Find below a list of caloric sweeteners derived from cane and beet with various crystal sizes, molasses, sucrose, and moisture content. Sucrose is the predominant component in all of them. They are grouped based on the degree of refining—refined, raw, and unrefined.

To learn more about the different cane and beet sugars, please refer to previous posts:

Cane Sugar: unrefined, raw and refined


Refined Sugars—from Cane or Beet


Refined sugars are made from cane and beet plants. As I discussed in Cane vs Beet Sugar: A Difference?, some refined sugars are made up of a blend of cane and beet sugars. All molasses are from cane, as beet molasses are not palatable. Cane sugars are produced in a Sugar Refinery using raw sugar as starting material. Beet sugars are made in a Sugar Factory. Visit my refined sugar page to learn more. To find out how refined sugars are produced, refer to a previous blog post: What is Refined Sugar?


About twenty types of refined sugar are sold in stores. The most common are granulated, brown, and confectioners sugar. The crystal size of white sugars vary from the largest to the smallest in the following order: sparkling > sanding > granulated > fine > extra fine > superfine > ultrafine > powdered 6X > powdered 10X > powdered 12X > fondant. Liquid sweeteners are listed last in bold letters.


1. Granulated =>

2. Fine granulated =>

3. Extra fine granulated =>

4. Superfine (quick dissolve) =>

5. Ultrafine (baker’s, caster) =>

6. Powdered (confectioners) +3% starch =>

7. Fondant (icing, frosting) +3% starch =>

8. Sparkling =>

9. Sanding =>

10. Light (golden) brown =>

11. Dark brown =>

12. Pourable brown (Brownulated) =>

13. White cubes, tablets, gourmet sugars =>

14. Rock sugar (swizzle sticks, sugar crystals) =>

15. Brown rock sugar =>

16. Simple syrup =>

17. Invert or golden syrup (cane or beet syrup) =>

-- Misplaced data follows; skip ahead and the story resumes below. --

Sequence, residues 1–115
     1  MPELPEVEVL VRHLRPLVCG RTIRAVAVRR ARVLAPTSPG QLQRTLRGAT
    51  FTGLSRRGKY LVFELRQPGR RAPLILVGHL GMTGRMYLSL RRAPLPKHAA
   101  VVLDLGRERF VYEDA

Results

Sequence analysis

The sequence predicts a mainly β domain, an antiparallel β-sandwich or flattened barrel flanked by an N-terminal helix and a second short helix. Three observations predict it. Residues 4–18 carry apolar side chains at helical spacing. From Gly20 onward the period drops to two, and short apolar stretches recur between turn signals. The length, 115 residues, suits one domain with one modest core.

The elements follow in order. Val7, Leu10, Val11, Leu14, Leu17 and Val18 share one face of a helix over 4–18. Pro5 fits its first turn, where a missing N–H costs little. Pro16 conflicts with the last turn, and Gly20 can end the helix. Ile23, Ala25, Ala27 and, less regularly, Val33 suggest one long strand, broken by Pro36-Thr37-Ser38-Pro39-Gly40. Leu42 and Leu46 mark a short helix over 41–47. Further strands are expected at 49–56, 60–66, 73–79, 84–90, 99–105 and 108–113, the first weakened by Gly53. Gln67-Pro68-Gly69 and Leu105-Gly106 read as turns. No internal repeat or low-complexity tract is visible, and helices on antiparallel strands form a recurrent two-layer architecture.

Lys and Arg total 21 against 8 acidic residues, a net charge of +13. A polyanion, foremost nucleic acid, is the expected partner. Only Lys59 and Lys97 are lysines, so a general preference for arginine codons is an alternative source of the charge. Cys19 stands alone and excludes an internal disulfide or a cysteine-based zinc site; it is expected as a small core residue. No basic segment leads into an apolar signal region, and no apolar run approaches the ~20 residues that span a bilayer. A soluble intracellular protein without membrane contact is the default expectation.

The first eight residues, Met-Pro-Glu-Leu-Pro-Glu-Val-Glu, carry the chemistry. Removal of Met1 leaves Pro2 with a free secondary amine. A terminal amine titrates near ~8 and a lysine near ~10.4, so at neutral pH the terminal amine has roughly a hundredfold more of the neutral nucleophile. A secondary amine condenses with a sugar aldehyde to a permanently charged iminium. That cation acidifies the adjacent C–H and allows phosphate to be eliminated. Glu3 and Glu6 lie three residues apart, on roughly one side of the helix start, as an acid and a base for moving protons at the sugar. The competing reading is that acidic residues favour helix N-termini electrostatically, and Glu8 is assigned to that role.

18. Full invert syrup (cane or beet syrup) =>

19. Light (mild, Barbados) molasses =>

20. Dark (full, medium) molasses =>

21. Blackstrap molasses =>


Raw Sugar—from Cane Only

Raw sugars are produced in cane-growing areas from the first batch of sugar crystallized from the cane juice. They are slightly less refined than the sweeteners listed above, but much less processed. Raw sugars retain trace amounts of the original cane molasses. They typically contain less than 2% molasses, which gives them a mild flavor and a pale blond color. Learn more on a previous blog post: Raw Sugar: From Turbinado to Demerara, Find out Exactly What is is.

Almost ten types of raw sugar are listed below with various crystal size, molasses, and water content. Liquid sweeteners are listed last in bold letters. With the exception of one brand (Florida Crystals), raw sugars are imported from other cane growing countries, such as Paraguay, Brazil, Malawi and Mauritius.


Organic raw sugars and syrups made from organic sugar cane or sugar beets. They are processed, handled, and packaged according to the USDA's National Organic Program (NOP). Organic raw sugar is the starting point for organic powdered, organic light brown, and organic dark brown sugars. Learn more here: Organic Sugar: What Does it Actually Mean?

1. Midsize crystals: turbinado, evaporated (dehydrated, dried) cane juice =>

2. Coarse crystals: demerara, washed, turbinado, evaporated cane juice =>

3. Organic sugar =>

4. Organic powdered (confectioners) =>

5. Organic light brown =>

6. Organic dark brown =>

7. Raw or demerara sugar cubes =>

8. Raw cane syrup (organic cane or invert syrup) =>

9. Organic (blackstrap) molasses =>

Unrefined Sugar—from Cane Only


The so-called "unrefined" sugars are the least refined sweeteners derived from cane. They retain most of the original molasses. Their molasses content vary from 8 to 14%, which gives them a strong flavor and brown color. Please refer to my previous post What is unrefined sugar, anyway? to learn more.

Unrefined sugars are often imported from Brazil, Paraguay, Colombia, Costa Rica, Mexico, Japan, and Mauritius. However, liquid unrefined sugars—syrups and molasses—are produced in the United States.


Organic unrefined sugars are made from organic cane and processed, handled, and packaged according to the USDA's National Organic Program (NOP). Read about them here: Organic Sugar: What Does it Actually Mean?


1. Unrefined or Whole cane sugar =>

2. Sucanat =>

3. Light muscovado sugar =>

4. Dark muscovado sugar =>

5. Jaggery =>

6. Jaggery Powder =>

7. Piloncillo =>

8. Panela =>

9. Granulated Panela =>

10. Okinawa Kokuto =>

11. Traditional cane syrup =>

12. Traditional (original or home style)​ molasses =>



For a glimpse on more than twenty types of refined sugar, watch the following video. Visit the WhatSugar Channel for more!





TAKEAWAY


The term "sugar" on food labels encompasses 40 types of sweeteners made from sugar cane or sugar beet. They are sold in refined, raw, unrefined forms with a variety of molasses content, moisture, crystal sizes, and amounts of sucrose.